Catt, Carrie Clinton Chapman

Catt, Carrie Clinton (b. Lane) Chapman

(1859–1947) woman suffrage leader; born near Ripon, Wis. Raised on a farm in the frontier tradition of independence, she taught school for a year before attending Iowa State College (B.A. 1880). She became a principal of an Iowa high school in 1881 and by 1883 was superintendent of schools in Mason City, Iowa. She married a newspaper editor, Les Chapman, and after he died (1886), she worked for a year on a San Francisco newspaper, then returned to Iowa and became involved in the Woman Suffrage Association. By 1890 she was a delegate to the National American Woman Suffrage Association (NAWSA) convention. That same year she married George Catt, a civil engineer and constructor; they lived in Seattle until 1892, then moved to New York City. He supported her goals and activities, and when he died in 1905, the money he left her allowed her to devote herself to promoting women's right to vote. She had emerged in the 1890s as one of the most capable and convincing of the woman suffragists, and with the retirement of Susan B. Anthony, Carrie Catt became president of NAWSA (1900–04); she returned to the presidency (1915–47) and by promoting the so-called "Mrs. Catt's Winning Plan "—which combined efforts at both the state level and the federal amendment—she is credited with a major role in getting the 19th Amendment adopted in 1920. She was also active in promoting woman suffrage on the international level, serving as president of the International Woman Suffrage Alliance (1902–23). She was one of the founders of the League of Women Voters (1919) and she campaigned to promote peace and disarmament.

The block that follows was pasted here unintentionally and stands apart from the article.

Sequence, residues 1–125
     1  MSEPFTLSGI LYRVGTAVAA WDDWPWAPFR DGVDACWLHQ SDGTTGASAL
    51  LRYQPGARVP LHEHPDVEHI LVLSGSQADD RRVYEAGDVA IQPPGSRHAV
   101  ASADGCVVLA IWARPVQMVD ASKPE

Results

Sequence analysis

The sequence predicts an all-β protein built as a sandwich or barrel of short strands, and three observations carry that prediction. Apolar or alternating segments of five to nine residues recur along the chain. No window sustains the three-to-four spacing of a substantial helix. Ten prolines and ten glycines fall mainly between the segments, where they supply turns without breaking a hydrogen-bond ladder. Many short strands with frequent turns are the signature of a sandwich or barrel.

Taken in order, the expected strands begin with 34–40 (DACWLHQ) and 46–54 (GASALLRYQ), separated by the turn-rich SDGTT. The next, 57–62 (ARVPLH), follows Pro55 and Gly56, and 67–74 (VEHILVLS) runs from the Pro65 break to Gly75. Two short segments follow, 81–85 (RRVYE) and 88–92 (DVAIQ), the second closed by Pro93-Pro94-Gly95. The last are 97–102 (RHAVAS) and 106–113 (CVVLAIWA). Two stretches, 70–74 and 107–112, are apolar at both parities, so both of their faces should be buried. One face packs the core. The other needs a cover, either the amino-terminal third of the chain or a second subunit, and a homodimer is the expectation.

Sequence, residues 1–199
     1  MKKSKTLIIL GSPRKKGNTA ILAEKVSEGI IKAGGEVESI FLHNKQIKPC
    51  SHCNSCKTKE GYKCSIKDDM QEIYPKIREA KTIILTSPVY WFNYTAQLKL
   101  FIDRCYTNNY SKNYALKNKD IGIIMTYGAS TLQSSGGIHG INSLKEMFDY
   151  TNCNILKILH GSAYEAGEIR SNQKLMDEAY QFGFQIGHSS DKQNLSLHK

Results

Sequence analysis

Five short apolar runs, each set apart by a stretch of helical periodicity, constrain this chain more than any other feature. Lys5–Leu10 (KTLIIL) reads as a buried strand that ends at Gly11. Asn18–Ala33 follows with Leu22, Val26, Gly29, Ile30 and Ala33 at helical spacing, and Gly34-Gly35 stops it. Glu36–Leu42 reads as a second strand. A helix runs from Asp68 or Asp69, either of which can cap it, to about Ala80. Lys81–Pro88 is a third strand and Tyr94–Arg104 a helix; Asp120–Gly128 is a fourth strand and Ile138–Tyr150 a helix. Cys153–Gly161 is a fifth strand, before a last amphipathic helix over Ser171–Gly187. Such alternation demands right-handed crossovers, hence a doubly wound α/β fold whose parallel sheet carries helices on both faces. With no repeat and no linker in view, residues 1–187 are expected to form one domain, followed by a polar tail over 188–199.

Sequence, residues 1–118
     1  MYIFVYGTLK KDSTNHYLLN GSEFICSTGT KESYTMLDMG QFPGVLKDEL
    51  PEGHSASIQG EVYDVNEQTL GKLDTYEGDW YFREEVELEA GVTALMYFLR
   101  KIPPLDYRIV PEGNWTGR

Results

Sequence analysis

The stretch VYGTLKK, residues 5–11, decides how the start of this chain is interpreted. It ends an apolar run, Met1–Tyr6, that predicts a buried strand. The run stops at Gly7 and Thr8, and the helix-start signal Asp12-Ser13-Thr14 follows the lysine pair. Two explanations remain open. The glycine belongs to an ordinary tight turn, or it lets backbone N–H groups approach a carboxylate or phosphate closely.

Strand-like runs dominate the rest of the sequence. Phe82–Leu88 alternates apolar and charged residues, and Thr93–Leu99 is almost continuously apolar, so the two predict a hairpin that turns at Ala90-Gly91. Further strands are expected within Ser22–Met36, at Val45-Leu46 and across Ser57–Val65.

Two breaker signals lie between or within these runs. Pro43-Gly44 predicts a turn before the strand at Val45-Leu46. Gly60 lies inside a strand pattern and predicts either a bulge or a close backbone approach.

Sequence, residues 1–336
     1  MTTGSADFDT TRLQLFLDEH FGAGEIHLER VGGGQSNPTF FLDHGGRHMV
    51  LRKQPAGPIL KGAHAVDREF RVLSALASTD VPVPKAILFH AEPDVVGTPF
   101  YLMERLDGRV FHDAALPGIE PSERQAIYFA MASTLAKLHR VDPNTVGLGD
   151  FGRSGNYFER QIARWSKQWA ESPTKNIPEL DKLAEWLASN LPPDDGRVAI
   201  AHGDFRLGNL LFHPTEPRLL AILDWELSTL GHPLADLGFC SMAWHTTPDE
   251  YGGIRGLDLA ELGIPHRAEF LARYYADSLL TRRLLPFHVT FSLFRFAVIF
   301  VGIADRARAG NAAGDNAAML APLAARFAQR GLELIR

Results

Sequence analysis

The Cambridge Dictionary of American Biography, by John S. Bowman. Copyright © Cambridge University Press 1995. Reproduced with permission.